6. I think it all depends on how seriously you think anyone is going to take your writing. If your story is farfetched fantasy you can get away with it by shrugging. But if you are going for realism it is hard to represent anyone not extremely similar in experience and outlook to yourself.

    To me “Memoires of a Geisha” was a bit of fluff, cute and a visual treat but clearly written by someone who just didn’t even realise that he didn’t get the culture. Fine. The trouble is if readers believe that the book is serious writing.

    I’d be very cautious about writing about a person-of-colour myself. Despite watching Hollywood movies I know next to nothing about any of their cultures. I also know that there are a lot of people out there with a stake in issues surrounding the difference in colour, racism, colonialism and so on. I know I’d botch it. So if I use people of colour in my writing it would only be through the pov of the pink people who inhabit my writing.

    But then this in turn can lead to homogenized pink writing like the early Dick and Jane books where the only characters are white, American, well-to-do upper middle class and live in a perfect suburb. Excluding other hues and cultures out of tact can be as bad as segregation. No matter which you do you could be fostering division unintentionally.

    The errors of cultural authenticity that I really notice are the historical ones. I think I’ve only ever encountered one or two historical novel writers who got it right. They simply transplanted the modern culture view smack dab into the middle of a costume drama. Yet it’s really easy to hear historically authentic voices. Anything written in the period is guarantee to be authentic. I’d be amazed if the authors of Regency romances have realised that Austen wrote the first Regency romances. They just crib from each other.

    Unless you are willing to do quite a bit of background research it is impossible to be certain what culture an author comes from. There’s going to be a big difference for example between the understanding and culture of an older man who has grown up in Japan and a younger woman of Japanese parents who has grown up in California. But that’s not the kind of information I know instantly if I pick up a book and see the author’s name is Miyoshi Sakamoto.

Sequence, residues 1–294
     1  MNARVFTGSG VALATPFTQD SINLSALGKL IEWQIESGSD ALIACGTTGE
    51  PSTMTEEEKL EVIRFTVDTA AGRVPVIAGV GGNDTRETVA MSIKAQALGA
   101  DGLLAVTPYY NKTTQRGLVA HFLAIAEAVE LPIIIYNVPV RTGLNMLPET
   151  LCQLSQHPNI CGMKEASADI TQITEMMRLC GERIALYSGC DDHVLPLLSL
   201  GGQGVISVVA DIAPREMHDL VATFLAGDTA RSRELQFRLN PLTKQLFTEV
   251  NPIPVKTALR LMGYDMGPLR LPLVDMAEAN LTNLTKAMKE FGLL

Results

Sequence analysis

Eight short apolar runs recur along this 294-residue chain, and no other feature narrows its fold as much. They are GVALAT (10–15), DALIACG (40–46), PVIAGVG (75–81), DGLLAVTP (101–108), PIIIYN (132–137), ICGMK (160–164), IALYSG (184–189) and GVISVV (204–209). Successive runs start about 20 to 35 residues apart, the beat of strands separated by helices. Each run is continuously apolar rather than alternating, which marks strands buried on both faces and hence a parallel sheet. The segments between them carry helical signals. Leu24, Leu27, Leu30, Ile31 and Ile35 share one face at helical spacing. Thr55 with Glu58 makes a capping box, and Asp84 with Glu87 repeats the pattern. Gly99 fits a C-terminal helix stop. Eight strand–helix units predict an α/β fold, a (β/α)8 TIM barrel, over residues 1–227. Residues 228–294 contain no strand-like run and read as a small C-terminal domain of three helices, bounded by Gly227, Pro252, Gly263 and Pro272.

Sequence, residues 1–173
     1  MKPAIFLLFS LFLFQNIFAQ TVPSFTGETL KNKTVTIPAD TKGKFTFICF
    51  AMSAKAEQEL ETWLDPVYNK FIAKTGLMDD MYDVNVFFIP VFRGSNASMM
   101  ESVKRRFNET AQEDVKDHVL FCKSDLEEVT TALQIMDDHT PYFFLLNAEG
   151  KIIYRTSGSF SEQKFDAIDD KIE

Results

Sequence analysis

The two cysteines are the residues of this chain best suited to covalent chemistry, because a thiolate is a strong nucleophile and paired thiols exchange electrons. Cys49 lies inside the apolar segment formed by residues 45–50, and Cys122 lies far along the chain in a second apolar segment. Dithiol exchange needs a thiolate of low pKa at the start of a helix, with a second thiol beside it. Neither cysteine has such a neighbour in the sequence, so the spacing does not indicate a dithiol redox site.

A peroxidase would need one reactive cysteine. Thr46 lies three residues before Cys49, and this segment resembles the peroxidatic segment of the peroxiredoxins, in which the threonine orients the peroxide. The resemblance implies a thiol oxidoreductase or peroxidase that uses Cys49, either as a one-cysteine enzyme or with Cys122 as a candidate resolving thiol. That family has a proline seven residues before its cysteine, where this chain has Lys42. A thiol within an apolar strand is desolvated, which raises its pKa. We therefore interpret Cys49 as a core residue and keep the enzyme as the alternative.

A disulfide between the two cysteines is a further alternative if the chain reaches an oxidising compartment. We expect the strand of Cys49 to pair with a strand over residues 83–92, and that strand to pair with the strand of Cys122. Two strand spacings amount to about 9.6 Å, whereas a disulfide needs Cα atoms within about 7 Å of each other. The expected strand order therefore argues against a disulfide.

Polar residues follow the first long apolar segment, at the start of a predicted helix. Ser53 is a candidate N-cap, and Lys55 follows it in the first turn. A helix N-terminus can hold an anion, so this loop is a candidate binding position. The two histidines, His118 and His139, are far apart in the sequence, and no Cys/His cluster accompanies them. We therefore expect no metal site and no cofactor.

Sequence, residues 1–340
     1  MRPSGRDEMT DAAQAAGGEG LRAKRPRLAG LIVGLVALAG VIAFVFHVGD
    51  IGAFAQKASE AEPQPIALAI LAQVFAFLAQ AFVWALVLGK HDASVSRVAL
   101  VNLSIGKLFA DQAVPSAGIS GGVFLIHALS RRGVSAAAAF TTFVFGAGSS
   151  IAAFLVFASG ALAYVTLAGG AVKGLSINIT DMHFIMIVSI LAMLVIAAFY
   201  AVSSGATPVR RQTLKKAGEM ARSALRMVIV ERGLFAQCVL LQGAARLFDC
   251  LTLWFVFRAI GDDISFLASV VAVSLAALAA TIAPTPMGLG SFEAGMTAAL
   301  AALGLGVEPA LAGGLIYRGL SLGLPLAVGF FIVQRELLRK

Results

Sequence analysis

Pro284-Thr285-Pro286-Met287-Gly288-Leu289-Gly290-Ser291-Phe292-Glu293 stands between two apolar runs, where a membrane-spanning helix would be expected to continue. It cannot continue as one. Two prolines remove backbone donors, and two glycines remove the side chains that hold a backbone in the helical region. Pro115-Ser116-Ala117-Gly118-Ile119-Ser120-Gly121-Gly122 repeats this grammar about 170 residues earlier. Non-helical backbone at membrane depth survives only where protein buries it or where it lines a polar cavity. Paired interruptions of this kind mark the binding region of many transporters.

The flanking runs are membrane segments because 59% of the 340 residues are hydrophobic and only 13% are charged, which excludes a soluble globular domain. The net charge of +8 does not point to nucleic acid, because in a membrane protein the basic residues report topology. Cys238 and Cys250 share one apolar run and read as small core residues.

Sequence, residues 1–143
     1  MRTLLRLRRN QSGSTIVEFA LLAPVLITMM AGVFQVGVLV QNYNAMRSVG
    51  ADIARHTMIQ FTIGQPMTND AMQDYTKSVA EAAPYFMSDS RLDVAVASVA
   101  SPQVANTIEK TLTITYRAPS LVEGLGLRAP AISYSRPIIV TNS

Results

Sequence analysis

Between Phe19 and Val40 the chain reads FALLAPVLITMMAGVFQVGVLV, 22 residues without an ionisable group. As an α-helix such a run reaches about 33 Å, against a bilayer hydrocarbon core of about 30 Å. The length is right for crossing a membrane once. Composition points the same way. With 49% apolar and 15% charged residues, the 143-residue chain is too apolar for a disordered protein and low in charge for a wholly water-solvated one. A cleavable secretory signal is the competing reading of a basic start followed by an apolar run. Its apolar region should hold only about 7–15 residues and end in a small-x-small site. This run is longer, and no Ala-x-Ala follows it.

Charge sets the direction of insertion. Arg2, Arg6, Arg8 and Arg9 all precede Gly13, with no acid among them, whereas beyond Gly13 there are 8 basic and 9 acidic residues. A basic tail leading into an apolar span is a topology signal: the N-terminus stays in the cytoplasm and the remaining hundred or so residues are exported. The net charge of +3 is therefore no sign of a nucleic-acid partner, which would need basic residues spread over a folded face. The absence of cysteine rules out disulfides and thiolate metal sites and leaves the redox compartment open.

When you come down to it we are all going out on a limb just a little bit, if not a huge distance. Even if I write about myself I’m going to be fictionalize my narrative a trifle just in order to make it readable, my real life turning into hopefully amusing anecdotes. The further I get from that the greater the challenge I am assuming. You can get people challenging your authenticity because there personal experience differs even if say, you are both pink skinned women of Protestant extraction who have similar incomes and live in the same city. I’ve had people tell me that real people don’t think like that and my only response could be, “I do.”

    I do think that the area is prickly enough that it’s not safe to embark on unless you are willing to get hit by a lot of criticism. I once submitted a story to a library writing group which was about a small girl who became a refugee and who was an outsider to her culture. Early in the story I described her as having small brown hands. All the pink/generic people in the group apparently assumed I meant her to be of Northern European descent. One woman who had deep earth brown skin made the assumption that my character was a person-of-colour and she got rather upset about it. When I’d described the child’s hands I’d been thinking of the colour that the back of my own pink hand used to get at the end of the summer. Between dirt and heavy suntan they were decidedly brown, just not dark brown. I obviously hit a real nerve for the woman inadvertently. She didn’t want to accept that the child was roughly the same colour as I am. It didn’t make sense to her.

    But all that proves was that my writing was bad. I had been sloppy enough in my description to mislead at least one of my readers. It tells me that this is an area where you have to be extremely accurate if you are writing seriously.

    Thanks,

    N